Sometimes intensity tells you who your partners and allies are…very quickly. Such was the case when the Democratic National Convention brought Big Bowl of Ideas to Philadelphia this summer as one of the co-producers of Truth to Power, an extraordinary pop-up art show, performance space and discussion salon presented by Rock The Vote and #Cut50.
A true spectacle for justice and a testament to the need for movement building, Truth to Power came together in a month’s time and involved a number of producers with varied roles. Big Bowl of Ideas wore many hats, but one of our main focuses was creative organizing and partnerships. From the get-go, there was a challenge: over the course of a mere three weeks, convince dozens of national progressive organizations, already busy with their own DNC-related efforts, and summer campaigns, to support an event that they had never heard of (and didn’t exist yet).
So how did we do it? First off, we used our wide and varied client base to access a diverse set of both local and national organizations doing valuable work in a number of progressive fields. Then, with copious research and targeting via a Partner Mapping Exercise, we dug deep to find specific organizations (and specific people at those organizations) that would yield optimal results–based on the primary issues championed by Rock the Vote and #Cut50.
Once we created that universe of who to ask for support, we crafted strategic outreach messages and methods designed to attract and engage potential partners. And as the event approached, we vigorously and tenaciously followed up with organizations, establishing a tailored working relationship with each partner and making sure everyone was in the loop about new Truth to Power developments. In the end, Big Bowl of Ideas managed to recruit over 35 national organizations to support Truth to Power with everything from endorsements to promotional help to major financial contributions to programming involvement. The following diagram shows how the partnerships we built added depth and intersectionality to the event’s programming:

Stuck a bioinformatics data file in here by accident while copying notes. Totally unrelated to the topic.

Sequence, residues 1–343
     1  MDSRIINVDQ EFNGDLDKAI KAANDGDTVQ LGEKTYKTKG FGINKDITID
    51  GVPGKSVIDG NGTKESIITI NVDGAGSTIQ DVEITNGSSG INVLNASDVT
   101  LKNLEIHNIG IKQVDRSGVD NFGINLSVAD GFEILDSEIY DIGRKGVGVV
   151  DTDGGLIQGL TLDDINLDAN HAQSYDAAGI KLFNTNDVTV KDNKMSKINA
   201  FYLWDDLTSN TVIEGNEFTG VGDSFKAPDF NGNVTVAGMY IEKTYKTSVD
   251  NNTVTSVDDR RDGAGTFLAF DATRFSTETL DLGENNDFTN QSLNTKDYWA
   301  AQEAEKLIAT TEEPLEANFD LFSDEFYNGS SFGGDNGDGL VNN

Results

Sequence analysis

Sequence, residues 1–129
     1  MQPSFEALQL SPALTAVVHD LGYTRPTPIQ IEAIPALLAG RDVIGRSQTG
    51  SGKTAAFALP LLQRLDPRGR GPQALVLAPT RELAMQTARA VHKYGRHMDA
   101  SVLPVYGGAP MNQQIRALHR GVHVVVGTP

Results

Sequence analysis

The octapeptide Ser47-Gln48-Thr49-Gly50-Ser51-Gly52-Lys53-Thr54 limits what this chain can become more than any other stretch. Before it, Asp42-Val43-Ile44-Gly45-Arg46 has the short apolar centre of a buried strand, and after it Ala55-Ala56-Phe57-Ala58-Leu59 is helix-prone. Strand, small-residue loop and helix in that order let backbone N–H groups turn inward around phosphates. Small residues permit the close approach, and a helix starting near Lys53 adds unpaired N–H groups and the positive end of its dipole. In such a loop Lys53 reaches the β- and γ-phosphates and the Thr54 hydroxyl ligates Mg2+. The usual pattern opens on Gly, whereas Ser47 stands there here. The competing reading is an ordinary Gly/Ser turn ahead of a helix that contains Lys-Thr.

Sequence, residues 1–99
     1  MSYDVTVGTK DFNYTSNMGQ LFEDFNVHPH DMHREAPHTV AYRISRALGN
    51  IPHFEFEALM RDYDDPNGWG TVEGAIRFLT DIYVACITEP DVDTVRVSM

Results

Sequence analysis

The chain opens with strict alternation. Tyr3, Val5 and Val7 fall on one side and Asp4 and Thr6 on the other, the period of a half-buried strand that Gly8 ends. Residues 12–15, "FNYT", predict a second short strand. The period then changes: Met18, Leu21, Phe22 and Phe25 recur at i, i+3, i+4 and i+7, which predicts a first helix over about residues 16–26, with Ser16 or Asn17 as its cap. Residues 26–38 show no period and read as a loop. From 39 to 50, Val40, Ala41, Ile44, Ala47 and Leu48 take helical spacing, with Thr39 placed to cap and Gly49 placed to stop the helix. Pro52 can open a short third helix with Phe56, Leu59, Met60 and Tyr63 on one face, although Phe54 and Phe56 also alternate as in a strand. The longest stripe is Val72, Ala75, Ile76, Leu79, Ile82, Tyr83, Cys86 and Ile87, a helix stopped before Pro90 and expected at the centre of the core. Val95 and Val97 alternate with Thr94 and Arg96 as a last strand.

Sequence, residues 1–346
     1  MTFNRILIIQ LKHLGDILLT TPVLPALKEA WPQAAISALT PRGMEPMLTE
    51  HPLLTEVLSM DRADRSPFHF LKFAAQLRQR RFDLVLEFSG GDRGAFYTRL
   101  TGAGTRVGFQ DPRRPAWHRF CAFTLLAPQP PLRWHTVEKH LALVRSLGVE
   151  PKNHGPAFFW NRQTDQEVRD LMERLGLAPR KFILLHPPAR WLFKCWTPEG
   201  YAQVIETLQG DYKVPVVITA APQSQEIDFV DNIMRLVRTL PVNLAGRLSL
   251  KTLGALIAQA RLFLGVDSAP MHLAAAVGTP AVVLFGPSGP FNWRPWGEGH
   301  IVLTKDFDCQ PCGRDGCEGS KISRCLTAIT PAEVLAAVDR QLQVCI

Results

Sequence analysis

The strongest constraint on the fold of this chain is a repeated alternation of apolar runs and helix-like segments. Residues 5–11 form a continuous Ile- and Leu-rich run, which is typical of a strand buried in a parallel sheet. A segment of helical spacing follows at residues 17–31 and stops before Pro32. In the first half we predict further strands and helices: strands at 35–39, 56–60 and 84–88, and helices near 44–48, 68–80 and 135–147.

These partnership “mashups” mixing BBOI clients, collaborators and newly recruited partners resulted in eclectic combinations of panelists who otherwise would not have shared the same stage. Our work got officers from Service Employees International Union (SEIU) on programs with the likes of Melissa Harris-Perry, leader of Wake The Vote, and Lady Parts Justice League, another partner of ours who we had already worked with at Politicon. Our friend and client Tatyana Fazlalizadeh not only showed her art at Truth to Power, but also joined Danny Glover, Touré, Asheru and Aaron Huey on stage to discuss the intersection of art and activism.
Our outreach to national organizations like the Lawyers’ Committee for Civil Rights (LCCR) resulted in the participation of LCCR executive director Kristen Clarke and LCCR spokesperson and actor Hill Harper, on two different panels about voting rights and criminal justice reform. Another organization, Global Girl Media, sent a young journalist to be part of our panel about citizen journalism in the digital age.
These are just a few examples of how Big Bowl of Ideas was the common connector among these partners, and how this style of creative organizing and resourceful thinking is an important part of what we do. Our work in securing and maintaining these Truth to Power partners helped make the event unique, and the relationships we’ve forged with these organizations surely will not end in Philadelphia – we will continue to come up with creative ways to engage our partners for Big Bowl of Ideas projects in the future.